Reading and Math Comprehension: Knight Capital Convert Edition

I returned from my soccer game last night, surprised to find some confusion about the details of the mandatory convert that Knight Capital Group ($KCG – no positions) issued.   I am not a lawyer, but I do speak English, and although I hate reading legal documents, I think that sometimes they are quite clear in their meaning.   Case in point, Knight’s 8-k with the details of the convert.   The relevant passage is this:

The outstanding Series A-1 Shares and the Series A-2 Shares will mandatorily convert into Common Stock on the third trading day following the date on which the closing price of the Common Stock exceeds 200% of the then-applicable Conversion Price (as defined below) for 60 consecutive trading days…”

Pop quiz, dear readers:   What is the price which the common stock must exceed for 60 days in order to trigger the mandatory conversion?

Now, the first thing we need to agree on is the “Conversion Price,” which I think everyone agrees is $1.50.   There shouldn’t be much debate about this.  The 8-k tells us:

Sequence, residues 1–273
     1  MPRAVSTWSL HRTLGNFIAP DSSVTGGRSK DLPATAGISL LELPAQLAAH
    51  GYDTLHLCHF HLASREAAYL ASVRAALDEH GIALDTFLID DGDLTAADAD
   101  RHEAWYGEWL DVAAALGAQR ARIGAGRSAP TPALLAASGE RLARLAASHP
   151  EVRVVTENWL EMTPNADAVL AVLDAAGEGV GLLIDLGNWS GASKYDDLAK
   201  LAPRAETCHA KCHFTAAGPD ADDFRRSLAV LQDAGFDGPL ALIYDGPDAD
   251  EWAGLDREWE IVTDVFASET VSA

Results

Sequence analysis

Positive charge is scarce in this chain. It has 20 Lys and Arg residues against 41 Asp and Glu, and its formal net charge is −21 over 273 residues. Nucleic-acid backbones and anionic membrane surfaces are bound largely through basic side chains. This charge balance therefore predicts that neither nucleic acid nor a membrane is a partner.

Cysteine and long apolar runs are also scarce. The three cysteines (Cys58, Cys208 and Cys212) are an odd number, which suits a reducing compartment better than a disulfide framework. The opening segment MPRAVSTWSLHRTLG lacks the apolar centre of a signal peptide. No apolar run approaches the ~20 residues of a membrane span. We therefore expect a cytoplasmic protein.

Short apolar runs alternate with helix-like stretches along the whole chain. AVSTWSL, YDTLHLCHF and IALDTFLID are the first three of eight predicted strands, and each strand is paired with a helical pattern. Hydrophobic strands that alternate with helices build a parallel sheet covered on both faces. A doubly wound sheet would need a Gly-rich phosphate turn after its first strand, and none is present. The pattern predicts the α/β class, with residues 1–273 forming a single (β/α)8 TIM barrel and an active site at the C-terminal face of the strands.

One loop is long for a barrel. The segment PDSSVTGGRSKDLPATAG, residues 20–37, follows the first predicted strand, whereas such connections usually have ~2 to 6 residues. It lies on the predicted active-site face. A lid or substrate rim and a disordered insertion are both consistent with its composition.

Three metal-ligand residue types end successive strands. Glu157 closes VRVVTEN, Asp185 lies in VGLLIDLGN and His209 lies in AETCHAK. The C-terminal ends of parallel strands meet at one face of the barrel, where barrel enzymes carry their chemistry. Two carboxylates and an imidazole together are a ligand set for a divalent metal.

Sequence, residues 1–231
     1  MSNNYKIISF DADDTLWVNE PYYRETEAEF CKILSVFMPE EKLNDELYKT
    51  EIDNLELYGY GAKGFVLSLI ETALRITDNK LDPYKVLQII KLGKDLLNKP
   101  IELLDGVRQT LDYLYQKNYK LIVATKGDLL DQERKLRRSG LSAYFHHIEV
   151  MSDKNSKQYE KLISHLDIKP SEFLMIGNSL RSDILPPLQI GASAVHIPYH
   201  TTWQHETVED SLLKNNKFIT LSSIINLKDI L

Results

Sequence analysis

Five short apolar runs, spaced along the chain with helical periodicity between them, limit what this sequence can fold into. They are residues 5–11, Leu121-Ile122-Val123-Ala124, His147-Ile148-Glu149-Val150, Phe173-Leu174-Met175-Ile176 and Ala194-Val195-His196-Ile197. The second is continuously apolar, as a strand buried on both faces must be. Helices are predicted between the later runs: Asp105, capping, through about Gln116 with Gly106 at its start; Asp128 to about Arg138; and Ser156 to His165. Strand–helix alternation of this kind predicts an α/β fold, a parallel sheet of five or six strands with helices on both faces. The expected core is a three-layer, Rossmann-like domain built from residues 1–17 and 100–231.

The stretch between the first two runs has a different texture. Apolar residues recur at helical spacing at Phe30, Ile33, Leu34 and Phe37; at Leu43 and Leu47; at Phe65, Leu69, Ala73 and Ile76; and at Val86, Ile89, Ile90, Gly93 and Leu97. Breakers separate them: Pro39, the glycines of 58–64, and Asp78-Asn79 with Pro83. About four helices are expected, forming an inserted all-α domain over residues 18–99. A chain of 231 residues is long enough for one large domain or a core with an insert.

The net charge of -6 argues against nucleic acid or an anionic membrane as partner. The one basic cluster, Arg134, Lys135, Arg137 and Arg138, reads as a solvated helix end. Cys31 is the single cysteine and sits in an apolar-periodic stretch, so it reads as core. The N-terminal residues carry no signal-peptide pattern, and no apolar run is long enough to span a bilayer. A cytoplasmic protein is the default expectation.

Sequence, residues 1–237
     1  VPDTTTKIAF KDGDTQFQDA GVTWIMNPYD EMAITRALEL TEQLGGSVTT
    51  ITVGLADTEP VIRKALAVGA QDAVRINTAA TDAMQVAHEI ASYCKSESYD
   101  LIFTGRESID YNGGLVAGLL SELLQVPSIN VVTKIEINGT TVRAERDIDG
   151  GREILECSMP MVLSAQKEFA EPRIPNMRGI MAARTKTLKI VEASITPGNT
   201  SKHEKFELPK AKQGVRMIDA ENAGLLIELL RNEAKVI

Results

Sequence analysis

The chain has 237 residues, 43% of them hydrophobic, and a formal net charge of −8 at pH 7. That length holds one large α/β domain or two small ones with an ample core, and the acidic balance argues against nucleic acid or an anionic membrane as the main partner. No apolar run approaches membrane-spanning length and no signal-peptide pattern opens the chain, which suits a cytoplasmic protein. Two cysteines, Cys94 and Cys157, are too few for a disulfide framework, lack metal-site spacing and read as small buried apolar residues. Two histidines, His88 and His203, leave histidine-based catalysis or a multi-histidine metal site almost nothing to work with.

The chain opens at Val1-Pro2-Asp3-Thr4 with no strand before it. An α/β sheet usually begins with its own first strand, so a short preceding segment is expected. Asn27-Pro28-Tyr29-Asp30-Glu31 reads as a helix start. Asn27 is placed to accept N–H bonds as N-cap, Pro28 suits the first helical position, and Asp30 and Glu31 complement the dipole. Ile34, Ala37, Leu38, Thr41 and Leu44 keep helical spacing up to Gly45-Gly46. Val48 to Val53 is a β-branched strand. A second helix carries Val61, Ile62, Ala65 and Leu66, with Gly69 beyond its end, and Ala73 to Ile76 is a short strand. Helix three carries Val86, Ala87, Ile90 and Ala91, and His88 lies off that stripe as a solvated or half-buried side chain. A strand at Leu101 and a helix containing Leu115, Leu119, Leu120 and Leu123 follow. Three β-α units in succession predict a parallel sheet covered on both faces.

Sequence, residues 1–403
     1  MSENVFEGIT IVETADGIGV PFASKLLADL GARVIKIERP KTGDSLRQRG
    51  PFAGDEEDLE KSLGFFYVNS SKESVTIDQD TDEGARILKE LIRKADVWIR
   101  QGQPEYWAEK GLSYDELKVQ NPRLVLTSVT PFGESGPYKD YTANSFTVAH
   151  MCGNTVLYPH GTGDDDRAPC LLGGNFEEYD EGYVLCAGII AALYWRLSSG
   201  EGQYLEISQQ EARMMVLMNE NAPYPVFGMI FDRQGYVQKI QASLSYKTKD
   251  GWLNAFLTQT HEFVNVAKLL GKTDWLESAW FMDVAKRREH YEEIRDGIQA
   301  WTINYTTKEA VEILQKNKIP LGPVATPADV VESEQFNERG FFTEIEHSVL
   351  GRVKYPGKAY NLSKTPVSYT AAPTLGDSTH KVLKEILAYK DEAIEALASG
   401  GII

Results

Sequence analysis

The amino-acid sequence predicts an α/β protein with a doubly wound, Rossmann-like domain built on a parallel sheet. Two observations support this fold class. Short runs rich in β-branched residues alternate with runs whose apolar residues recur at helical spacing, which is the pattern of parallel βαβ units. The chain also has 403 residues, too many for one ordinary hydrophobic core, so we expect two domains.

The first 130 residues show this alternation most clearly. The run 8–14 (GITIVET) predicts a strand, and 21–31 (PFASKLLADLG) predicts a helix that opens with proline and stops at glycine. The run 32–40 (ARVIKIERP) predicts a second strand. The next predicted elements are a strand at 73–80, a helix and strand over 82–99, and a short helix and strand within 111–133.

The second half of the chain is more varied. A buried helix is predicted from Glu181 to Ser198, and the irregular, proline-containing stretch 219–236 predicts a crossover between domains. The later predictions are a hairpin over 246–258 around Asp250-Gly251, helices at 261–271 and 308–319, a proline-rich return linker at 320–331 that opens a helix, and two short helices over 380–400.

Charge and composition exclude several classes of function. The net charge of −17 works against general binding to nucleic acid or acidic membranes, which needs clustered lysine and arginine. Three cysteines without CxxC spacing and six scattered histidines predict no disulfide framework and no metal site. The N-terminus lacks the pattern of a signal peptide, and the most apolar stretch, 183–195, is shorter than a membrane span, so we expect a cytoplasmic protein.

The “Conversion Price” is equal to 1,000 divided by the Conversion Rate in effect at such time, for an initial Conversion Price of $1.50 per share of Common Stock.

Which leaves only simple math and basic reading comprehension.

What is 200% of $1.50?  Answer: $3.00.

Some people seem confused, wanting to translate “200% of the conversion price” to trader thinking along the lines of “200% gain from $1.50” and then arrive at an answer of $4.50.   Again, I’m not a lawyer, but that is positively NOT what this document says.

If you’re still confused, ask yourself this:  what is 100% of $1.50?   Not a trick question, right?  100% of $1.50 is $1.50.  and 200% of $1.50 is $3.00.

So if you want to tell me that the relevant threshold is $4.50, you have to do better than misinterpreting plain English and screwing up basic math.  If there’s something else I missed in skimming over the 8-k filing that makes you think $4.50 is the number, then let me know – but the passage I excerpted above is clear.



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